Sunday, September 5, 2010

Legal History Reviewed in the WMQ

The July 2010 issue of the William & Mary Quarterly has an impressive number of book review of interest to legal historians. These include Pauline Maier on Alison LaCroix’s The Ideological Origins of American Federalism, Daniel Hulsebosch on Paul Halliday’s Habeas Corpus: From England to Empire, Sean P. Harvey on Eric Slauter's The State as a Work of Art: The Cultural Origins of the Constitution, and Randolph Roth on Jack Marietta and G.S. Rowe’s Troubled Experiment: Crime and Justice in Pennsylvania, 1682–1800.

Maier's review commences:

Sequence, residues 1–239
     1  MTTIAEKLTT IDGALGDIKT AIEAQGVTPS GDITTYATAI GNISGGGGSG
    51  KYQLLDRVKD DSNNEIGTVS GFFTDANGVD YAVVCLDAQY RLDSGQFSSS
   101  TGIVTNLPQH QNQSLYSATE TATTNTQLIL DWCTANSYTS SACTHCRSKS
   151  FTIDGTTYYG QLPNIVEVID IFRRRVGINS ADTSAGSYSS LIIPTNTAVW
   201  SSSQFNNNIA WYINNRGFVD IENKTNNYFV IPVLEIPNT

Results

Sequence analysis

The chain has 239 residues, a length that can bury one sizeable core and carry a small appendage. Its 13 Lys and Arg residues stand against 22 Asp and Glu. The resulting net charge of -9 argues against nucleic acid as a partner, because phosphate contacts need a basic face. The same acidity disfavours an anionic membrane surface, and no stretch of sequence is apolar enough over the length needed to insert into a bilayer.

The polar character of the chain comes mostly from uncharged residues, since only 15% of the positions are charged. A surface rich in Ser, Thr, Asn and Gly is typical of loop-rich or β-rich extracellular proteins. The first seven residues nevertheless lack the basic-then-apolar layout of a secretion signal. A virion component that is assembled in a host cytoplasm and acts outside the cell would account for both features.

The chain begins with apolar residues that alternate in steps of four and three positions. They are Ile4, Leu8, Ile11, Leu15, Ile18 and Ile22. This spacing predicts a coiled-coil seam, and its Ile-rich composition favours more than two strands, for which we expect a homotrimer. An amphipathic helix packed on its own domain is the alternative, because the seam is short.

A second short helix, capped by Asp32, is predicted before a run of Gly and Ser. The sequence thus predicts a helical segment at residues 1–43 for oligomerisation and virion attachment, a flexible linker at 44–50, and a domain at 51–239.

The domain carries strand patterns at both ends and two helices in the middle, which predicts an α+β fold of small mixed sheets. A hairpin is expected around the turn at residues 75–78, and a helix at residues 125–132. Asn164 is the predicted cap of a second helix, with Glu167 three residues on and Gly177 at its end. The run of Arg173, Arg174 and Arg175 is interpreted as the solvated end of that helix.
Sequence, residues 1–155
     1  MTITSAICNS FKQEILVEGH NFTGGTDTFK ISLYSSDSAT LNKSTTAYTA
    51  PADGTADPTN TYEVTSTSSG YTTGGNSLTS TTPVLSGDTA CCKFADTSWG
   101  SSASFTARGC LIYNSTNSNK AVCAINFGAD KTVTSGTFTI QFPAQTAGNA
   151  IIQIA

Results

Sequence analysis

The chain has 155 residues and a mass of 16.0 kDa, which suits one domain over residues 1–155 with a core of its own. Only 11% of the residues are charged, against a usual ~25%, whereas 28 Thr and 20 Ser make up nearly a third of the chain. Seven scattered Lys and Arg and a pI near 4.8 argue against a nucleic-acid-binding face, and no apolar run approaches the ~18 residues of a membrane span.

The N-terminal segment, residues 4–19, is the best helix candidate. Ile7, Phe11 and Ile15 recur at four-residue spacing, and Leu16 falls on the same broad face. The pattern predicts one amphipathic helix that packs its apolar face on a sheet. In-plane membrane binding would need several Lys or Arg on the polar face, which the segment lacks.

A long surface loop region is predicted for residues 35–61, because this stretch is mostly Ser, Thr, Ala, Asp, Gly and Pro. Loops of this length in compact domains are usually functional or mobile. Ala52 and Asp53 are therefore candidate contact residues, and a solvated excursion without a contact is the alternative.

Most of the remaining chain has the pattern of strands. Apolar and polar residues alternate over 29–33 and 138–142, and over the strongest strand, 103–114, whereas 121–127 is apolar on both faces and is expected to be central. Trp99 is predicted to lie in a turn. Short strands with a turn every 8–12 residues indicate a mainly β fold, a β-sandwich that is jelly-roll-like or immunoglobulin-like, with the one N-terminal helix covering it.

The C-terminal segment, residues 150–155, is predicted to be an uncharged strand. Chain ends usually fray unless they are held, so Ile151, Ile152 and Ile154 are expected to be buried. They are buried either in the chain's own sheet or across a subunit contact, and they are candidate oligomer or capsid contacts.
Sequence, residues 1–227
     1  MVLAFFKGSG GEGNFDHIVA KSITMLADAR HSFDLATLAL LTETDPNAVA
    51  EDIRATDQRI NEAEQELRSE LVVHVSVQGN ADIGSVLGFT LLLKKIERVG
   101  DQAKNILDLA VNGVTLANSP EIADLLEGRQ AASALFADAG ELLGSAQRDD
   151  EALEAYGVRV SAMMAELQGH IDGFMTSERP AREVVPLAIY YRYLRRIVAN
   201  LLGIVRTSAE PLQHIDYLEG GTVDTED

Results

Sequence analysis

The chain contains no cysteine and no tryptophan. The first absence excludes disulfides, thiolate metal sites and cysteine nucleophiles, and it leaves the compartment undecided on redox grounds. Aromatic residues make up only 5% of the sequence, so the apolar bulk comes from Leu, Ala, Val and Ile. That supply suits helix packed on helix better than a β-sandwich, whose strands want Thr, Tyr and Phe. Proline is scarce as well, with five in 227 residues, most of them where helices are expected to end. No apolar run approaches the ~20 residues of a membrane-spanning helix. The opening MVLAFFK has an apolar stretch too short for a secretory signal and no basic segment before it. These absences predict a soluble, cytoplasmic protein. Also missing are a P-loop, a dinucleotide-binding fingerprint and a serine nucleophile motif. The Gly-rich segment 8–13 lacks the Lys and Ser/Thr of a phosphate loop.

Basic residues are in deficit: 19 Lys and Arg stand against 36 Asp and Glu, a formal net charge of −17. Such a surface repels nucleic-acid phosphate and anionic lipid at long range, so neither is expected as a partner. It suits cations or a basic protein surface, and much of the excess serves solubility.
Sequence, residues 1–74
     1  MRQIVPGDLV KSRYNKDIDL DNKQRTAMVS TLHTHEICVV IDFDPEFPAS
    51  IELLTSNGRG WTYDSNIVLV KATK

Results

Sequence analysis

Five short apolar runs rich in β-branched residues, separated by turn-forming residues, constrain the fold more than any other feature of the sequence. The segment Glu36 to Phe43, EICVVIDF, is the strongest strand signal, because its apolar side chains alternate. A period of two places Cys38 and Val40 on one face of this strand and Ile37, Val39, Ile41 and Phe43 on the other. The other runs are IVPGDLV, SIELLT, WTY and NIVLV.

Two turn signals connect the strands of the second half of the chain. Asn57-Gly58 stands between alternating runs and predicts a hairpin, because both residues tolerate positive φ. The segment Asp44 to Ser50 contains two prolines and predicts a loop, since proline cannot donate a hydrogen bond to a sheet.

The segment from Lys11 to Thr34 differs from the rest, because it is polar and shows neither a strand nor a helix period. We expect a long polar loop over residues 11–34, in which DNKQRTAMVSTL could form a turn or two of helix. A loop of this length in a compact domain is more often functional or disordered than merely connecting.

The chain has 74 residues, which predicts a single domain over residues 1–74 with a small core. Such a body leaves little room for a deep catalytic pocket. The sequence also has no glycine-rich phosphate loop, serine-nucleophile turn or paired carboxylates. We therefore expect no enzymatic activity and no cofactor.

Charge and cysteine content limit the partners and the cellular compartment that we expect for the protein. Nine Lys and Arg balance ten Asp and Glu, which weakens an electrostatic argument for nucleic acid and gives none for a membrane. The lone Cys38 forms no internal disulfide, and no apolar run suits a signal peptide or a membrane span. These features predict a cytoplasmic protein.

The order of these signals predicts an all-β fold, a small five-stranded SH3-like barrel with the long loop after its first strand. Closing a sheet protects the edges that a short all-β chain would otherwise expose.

With the retirement of several major historians, including Bernard Bailyn, Jack P. Greene, and now also Gordon S. Wood, there was a certain gnashing of teeth over the failure of younger historians to share their senior colleagues' interest in the colonial and revolutionary origins of American government and law. That concern, it now seems, was premature. Scholarship on the topic remains alive and well, but the scholars doing the work, with a handful of exceptions, have moved across campus from history departments to law schools and—equally striking—hold doctorates in both history and law. The new breed of law school historians includes Daniel J. Hulsebosch at New York University Law School, Mary Sarah Bilder at Boston College Law School, Christian G. Fritz at the University of New Mexico Law School, Steven Wilf at the University of Connecticut Law School, and now also Alison L. LaCroix at the University of Chicago Law School. Their work differs in focus and approach, but it is far from an instrumentalist "law school history" that plucks evidence willy-nilly from the past to support arguments in the contemporary courtroom. They examine the deep chronological and broad geographic origins of American institutions, sometimes follow issues that arose during the Revolution on into the nineteenth century, and, not surprisingly, often direct our attention to the role of the judiciary.